As the ACRL liaison to the National Resource Center on the First Year Experience, I thought I should take the chance to talk to this group about the Framework and what it might mean. I wasn’t sure about what audience I would get, so I decided to focus on teaching — because that is of interest to faculty, teaching librarians and program administrators alike.
As it turns out, my audience was pretty mixed between those 3 groups — I probably should/could have given more background and justification given that there was a substantial non-library presence, but honestly, there probably wasn’t time. Anyway, after a quick overview, we brainstormed learning activities. It was a facilitated discussion, and only 50 minutes long, so there was only so much the group could do, but I was really impressed with the activities they came up with and the depth of the conversation.
Here’s the handout summarizing the Framework (PDF on Google Drive)
The rest of the groups spent more time talking about specifics — possible metaphors for different parts of the research process, techniques like concept mapping and the like — and didn’t come up with step-by-step activities. But they were all great.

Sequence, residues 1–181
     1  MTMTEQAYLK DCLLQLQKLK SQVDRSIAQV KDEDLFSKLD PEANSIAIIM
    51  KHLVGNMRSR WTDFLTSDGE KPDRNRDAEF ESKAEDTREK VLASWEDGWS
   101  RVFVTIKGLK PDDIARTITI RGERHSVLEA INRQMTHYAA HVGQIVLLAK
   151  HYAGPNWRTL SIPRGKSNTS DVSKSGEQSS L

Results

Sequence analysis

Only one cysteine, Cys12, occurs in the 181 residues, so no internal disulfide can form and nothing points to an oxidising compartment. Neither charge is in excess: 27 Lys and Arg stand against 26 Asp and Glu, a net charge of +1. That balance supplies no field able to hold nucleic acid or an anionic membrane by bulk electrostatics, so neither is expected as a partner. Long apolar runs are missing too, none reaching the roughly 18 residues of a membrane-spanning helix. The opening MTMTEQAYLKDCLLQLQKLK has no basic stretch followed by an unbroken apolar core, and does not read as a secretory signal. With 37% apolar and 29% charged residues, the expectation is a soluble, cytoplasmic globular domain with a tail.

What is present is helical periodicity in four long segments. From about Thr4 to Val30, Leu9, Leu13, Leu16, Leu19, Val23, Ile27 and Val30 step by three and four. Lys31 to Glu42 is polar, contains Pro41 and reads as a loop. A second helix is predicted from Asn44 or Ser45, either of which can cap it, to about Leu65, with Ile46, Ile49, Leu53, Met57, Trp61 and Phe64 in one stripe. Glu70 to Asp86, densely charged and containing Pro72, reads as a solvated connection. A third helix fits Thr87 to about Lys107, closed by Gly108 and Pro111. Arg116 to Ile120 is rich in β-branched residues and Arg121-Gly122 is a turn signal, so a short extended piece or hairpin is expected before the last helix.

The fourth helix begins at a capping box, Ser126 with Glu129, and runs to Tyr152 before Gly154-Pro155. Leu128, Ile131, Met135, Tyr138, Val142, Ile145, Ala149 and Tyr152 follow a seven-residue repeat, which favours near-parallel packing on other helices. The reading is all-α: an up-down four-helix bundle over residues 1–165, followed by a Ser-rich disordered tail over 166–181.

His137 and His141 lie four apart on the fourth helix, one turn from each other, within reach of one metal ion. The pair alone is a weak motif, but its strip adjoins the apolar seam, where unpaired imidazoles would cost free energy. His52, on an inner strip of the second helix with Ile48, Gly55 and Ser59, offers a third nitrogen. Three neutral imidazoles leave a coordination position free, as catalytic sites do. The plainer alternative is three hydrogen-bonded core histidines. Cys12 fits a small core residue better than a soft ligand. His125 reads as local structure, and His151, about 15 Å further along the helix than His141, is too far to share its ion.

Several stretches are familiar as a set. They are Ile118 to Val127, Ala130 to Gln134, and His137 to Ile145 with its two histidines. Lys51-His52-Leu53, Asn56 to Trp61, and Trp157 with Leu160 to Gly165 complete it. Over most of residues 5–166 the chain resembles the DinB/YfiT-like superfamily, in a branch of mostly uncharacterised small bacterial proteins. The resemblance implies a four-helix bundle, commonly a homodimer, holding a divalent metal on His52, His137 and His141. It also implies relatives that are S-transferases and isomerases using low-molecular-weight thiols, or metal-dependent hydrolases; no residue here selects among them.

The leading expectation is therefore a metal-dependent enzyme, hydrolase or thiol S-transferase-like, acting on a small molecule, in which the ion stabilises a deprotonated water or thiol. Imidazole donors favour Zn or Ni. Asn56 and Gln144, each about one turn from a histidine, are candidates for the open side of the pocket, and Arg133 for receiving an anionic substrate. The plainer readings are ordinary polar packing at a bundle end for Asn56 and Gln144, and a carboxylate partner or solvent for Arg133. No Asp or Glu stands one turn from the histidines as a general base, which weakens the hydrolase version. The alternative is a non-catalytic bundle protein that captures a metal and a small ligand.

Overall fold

And now — what about Dallas?
For the record, this is good coffee.
This is Downtown’s (Un)parked Library
The real public library was just a few blocks from the conference hotel.
So was the Pioneer Cemetery. This is the Fowler plot, highlighting Juliette Abbey Peak Fowler — one of the few women so highlighted.
The Farmer’s Market was pretty awesome.
This dog park is epic
And finally, on my first night, this was the sound when I left the hotel. It was everywhere. It drowned out traffic noise. As it turned out, it was only an evening thing — but it was memorable.
So I came in today with a vague sense that I should blog more. I think, in part, it was seeing that “August 1” by my last post. Which itself was only a conference session recap post.
It’s odd – I used to get into periods where I wasn’t blogging and feel stressed and guilty for reasons that don’t really apply anymore. I don’t have to worry so much about dropping out of people’s regular reading rotation; nowadays, I can post every three months and thanks to the magic of twitter or Facebook or tumblr still be pretty sure people will see it.
But I’ve never really liked it when every post becomes a Thing. It puts a lot of pressure on each post to be a Thing, for one, and that’s not really something I can live up to. But most of all, I’ve always felt that when I am not writing here, it means I’m not reading enough or, more to the point, not thinking enough, and there’s a real danger of that this term.